Workers’compensation insurance can protect your business and employees from financial loss. It covers an employee that contracts an illness or gets hurt due to a job-related event. This type of insurance pays medical bills and lost wages and may even cover the cost of occupational rehabilitation. In the unfortunate event that your employee dies, workers' comp often provides a death benefit, which pays for funeral expenses. Some plans pay support to dependents left behind as well.
Types of Injuries Covered by Workers' Comp
Workers compensation pays for injuries to employees at your place of business or at a remote worksite. For example, you own a transportation company and one of your van drivers is hit after dropping off the last passenger. If the employee is injured, workers’ comp pays for his medical bills. Generally, it also covers injuries due to workplace violence, natural disasters or terrorism, or even simple slips and falls. For a covered peril, this insurance also pays for illnesses contracted at work. For example, if the chemicals used to clean the office make employees sick, workers comp kicks in to pay the medical bill if the employee can prove that this incapacitation was caused by their working conditions.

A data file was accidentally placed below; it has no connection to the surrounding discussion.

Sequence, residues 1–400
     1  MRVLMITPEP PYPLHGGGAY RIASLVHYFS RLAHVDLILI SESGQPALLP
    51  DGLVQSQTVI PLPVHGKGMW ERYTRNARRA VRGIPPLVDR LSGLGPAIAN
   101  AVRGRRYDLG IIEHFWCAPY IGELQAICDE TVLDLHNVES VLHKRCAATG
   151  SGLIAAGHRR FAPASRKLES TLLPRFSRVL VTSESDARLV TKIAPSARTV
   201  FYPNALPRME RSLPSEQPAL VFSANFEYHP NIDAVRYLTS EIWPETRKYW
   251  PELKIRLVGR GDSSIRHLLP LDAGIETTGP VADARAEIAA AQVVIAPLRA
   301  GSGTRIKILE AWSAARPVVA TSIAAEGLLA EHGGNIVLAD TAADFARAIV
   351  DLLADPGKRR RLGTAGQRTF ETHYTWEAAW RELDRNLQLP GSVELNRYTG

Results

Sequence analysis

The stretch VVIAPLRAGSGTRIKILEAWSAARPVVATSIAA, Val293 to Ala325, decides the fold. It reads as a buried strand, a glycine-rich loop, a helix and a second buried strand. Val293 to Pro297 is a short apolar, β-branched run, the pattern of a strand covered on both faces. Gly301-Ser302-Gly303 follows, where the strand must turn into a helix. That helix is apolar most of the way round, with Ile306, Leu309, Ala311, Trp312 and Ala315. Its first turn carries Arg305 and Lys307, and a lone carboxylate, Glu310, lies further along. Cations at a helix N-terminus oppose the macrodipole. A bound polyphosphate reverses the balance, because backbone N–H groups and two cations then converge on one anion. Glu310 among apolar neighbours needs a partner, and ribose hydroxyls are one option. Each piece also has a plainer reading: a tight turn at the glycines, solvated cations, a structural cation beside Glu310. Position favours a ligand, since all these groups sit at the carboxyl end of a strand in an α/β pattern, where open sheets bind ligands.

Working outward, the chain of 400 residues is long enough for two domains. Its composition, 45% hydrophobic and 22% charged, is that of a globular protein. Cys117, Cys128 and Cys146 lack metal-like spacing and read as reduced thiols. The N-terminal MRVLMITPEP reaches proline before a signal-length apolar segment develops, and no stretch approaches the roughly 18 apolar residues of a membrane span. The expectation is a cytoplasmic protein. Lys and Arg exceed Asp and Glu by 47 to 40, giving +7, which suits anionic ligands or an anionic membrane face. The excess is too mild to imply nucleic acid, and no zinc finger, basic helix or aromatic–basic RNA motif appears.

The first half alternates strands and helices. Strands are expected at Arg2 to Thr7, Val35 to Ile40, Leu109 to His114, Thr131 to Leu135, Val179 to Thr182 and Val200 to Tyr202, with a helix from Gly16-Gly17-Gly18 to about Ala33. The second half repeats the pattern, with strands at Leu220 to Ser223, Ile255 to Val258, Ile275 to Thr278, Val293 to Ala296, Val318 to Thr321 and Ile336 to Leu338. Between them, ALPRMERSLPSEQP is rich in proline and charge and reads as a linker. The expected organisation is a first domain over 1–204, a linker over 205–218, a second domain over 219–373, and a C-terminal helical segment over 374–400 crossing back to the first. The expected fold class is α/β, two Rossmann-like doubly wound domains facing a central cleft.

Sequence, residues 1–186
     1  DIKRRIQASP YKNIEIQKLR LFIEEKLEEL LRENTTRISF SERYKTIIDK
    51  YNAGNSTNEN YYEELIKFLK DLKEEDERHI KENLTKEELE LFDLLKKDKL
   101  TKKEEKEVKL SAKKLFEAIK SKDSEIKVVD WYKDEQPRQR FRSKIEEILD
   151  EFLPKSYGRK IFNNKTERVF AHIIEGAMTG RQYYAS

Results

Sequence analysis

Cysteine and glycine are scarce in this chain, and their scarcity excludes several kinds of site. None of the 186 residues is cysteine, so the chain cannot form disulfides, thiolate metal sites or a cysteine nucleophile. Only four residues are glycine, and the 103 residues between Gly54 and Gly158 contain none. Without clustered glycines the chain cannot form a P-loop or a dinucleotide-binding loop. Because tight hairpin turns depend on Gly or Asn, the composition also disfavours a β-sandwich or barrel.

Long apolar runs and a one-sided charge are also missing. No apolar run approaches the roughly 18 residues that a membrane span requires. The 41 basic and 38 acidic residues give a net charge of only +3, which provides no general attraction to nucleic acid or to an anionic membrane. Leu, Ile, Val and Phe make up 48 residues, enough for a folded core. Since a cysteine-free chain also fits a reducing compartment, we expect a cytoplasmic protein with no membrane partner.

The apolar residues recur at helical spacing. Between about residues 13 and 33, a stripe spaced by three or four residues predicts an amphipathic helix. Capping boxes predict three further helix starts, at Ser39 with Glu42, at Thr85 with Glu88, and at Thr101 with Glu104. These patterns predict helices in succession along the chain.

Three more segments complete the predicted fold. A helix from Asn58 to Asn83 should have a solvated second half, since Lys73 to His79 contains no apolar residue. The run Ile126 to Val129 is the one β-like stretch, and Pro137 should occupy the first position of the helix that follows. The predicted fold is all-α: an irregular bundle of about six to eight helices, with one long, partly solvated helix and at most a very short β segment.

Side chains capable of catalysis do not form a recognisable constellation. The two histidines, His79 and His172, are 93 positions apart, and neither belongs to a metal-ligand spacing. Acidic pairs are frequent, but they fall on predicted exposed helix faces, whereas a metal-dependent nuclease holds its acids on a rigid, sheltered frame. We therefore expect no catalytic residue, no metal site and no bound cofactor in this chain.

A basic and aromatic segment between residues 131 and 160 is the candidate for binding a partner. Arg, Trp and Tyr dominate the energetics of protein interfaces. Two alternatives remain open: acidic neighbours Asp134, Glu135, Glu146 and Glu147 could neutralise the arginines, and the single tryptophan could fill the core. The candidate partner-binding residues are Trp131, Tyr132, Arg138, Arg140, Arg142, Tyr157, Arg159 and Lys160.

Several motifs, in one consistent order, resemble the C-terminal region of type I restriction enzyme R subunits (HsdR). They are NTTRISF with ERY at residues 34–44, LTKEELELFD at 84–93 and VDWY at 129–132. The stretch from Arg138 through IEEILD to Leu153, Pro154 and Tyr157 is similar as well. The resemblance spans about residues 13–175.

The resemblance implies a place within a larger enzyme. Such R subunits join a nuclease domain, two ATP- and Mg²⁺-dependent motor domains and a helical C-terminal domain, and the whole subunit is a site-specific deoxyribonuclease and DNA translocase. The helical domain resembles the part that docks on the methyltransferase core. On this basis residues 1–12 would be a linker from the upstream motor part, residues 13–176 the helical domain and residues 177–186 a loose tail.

What's Not Covered?
While most accidents and injuries are covered, there are a few exceptions. Workers’ Comp doesn't pay for injuries:
• Intentionally sustained or the result of self-harm.
• Accidents and injuries that occur during the commute to the office or back home.
Common Workers Compensation Insurance Claims
Overall, strains and sprains are the most common causes of workplace injury — accounting for more than 30% of claims. Often, injuries occur when employees overexert themselves while lifting heavy objects. Strains and sprains take an average of 12 days before the injured employee can resume their duties. Work activities that cause these injuries include freight, stock, labor and moving materials. For example, nursing assistants regularly lift patients and suffer from sprains and strains. Workers’ compensation might help them with their recovery.
At 27%, slips and falls are the second biggest category of workers’ comp claims. These accidents happen when employees trip over loose carpeting, extension cords and other objects.
Safety standards and training can prevent employee accidents and illness and save your business money on workers’ compensation insurance premiums. Maintaining a safe work area is also key to keeping your employees safe on the job.